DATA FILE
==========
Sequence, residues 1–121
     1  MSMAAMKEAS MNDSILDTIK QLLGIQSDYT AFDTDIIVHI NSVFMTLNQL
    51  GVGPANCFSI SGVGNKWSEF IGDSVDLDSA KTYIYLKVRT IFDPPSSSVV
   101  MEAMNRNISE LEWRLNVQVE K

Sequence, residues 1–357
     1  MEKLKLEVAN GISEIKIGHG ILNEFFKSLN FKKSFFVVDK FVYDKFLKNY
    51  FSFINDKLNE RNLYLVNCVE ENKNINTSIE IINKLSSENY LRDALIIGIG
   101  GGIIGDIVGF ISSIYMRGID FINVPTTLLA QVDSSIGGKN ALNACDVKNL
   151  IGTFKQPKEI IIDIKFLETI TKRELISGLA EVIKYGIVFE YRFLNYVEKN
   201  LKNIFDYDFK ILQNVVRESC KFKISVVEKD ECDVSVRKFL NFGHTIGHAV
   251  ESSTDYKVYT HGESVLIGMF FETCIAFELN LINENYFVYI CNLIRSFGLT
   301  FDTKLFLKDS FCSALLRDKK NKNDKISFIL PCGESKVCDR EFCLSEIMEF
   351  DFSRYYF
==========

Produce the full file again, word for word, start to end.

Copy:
Sequence, residues 1–121
     1  MSMAAMKEAS MNDSILDTIK QLLGIQSDYT AFDTDIIVHI NSVFMTLNQL
    51  GVGPANCFSI SGVGNKWSEF IGDSVDLDSA KTYIYLKVRT IFDPPSSSVV
   101  MEAMNRNISE LEWRLNVQVE K

Sequence, residues 1–357
     1  MEKLKLEVAN GISEIKIGHG ILNEFFKSLN FKKSFFVVDK FVYDKFLKNY
    51  FSFINDKLNE RNLYLVNCVE ENKNINTSIE IINKLSSENY LRDALIIGIG
   101  GGIIGDIVGF ISSIYMRGID FINVPTTLLA QVDSSIGGKN ALNACDVKNL
   151  IGTFKQPKEI IIDIKFLETI TKRELISGLA EVIKYGIVFE YRFLNYVEKN
   201  LKNIFDYDFK ILQNVVRESC KFKISVVEKD ECDVSVRKFL NFGHTIGHAV
   251  ESSTDYKVYT HGESVLIGMF FETCIAFELN LINENYFVYI CNLIRSFGLT
   301  FDTKLFLKDS FCSALLRDKK NKNDKISFIL PCGESKVCDR EFCLSEIMEF
   351  DFSRYYF